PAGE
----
Exploring the Power of Community-Engaged Research on World Water Day 2023
Dr. Jasquelin Peña collaborates with community groups and residents to test water quality in fire-scorched and low-income communities
- World Water Day 2023 is dedicated to raising awareness about the importance of clean water and the need to preserve this precious resource for future generations.
- In their annual report, the UN shared that 1 in 4 people worldwide lack safe drinking water, and annually 74 million people will have their life shortened by diseases related to poor water sanitation.
- To contribute to the conversation surrounding World Water Day 2023, we sat down with Dr. Jasquelin Peña to discuss the importance of water quality and her ongoing research projects.
Every year on March 22, the world observes World Water Day. This day is dedicated to raising awareness about the importance of clean water and the need to preserve this precious resource for future generations.
According to the United Nations (UN), over 2 billion people lack access to safe drinking water, and this number is expected to rise due to population growth and climate change. California’s Office of Environmental Health Hazard Assessment estimates nearly a million Californians lack access to clean drinking water, with low-income, rural, and communities of color being disproportionately impacted.
On World Water Day 2023, various events will occur worldwide to raise awareness about the importance of safe drinking water and sustainable water management practices. Governments, organizations, and individuals will come together to discuss how we can all contribute to addressing the global water crisis. To add to this critical conversation, we sat down with Dr. Jasquelin Peña to discuss the importance of water quality and her ongoing research projects.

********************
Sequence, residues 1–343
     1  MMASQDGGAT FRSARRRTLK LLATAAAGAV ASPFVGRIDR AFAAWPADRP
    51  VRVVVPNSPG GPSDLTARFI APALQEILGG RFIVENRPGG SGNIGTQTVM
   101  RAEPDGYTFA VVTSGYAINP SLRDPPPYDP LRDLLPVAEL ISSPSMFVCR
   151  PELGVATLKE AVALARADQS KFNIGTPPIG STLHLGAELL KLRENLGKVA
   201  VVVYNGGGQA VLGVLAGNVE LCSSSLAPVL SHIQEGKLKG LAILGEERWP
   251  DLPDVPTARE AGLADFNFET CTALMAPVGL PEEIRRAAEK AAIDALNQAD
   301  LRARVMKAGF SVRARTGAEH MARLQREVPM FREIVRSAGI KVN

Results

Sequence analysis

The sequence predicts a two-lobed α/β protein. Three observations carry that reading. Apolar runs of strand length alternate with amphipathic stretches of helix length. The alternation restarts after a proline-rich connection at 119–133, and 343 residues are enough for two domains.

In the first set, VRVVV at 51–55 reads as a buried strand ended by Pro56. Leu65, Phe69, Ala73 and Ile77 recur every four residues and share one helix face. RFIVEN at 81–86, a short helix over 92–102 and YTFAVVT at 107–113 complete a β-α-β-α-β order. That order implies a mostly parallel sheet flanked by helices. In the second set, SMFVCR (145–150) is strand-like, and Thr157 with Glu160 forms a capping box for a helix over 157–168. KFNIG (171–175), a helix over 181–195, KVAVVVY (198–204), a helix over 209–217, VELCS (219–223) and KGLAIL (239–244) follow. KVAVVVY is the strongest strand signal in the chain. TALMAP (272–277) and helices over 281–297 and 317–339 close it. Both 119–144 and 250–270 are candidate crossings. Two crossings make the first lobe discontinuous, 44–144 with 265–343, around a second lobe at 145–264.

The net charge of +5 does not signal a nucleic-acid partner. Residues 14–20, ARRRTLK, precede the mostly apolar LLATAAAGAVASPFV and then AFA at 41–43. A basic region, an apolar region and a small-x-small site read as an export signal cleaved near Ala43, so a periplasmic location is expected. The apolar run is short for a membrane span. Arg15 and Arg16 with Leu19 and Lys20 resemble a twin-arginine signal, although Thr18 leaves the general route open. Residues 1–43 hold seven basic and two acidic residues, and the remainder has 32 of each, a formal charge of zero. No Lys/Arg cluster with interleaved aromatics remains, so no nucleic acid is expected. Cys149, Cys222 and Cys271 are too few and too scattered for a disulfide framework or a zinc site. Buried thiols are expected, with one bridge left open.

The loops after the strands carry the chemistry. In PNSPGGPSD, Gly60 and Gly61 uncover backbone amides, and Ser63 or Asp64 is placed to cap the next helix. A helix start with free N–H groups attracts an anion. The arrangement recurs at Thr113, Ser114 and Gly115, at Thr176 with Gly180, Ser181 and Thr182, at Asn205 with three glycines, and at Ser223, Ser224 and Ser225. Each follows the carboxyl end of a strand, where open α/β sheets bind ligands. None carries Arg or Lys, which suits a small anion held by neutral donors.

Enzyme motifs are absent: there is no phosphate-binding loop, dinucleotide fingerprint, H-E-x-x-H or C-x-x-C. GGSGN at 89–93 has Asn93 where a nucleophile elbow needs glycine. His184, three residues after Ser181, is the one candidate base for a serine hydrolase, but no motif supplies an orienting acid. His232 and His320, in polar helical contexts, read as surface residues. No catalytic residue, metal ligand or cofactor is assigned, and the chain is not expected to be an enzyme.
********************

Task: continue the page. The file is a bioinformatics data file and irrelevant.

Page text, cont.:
Dr. Peña is a UC Davis associate professor in the Civil and Environmental Engineering department and an Environmental Health Sciences Center (EHSC) member. In 2021, Dr. Peña received a pilot project grant from the EHSC to examine the impact of wildfires on water resources.
Dr. Peña hypothesizes that watersheds impacted in the years following a wildfire may show an increase in toxic metals, such as arsenic and mercury. This could happen due to the accumulation of these elements in wildfire ash and/or because the ash and pyrogenic carbon generated by the fire may change groundwater chemistry in a way that mobilizes metals naturally present in the aquifer.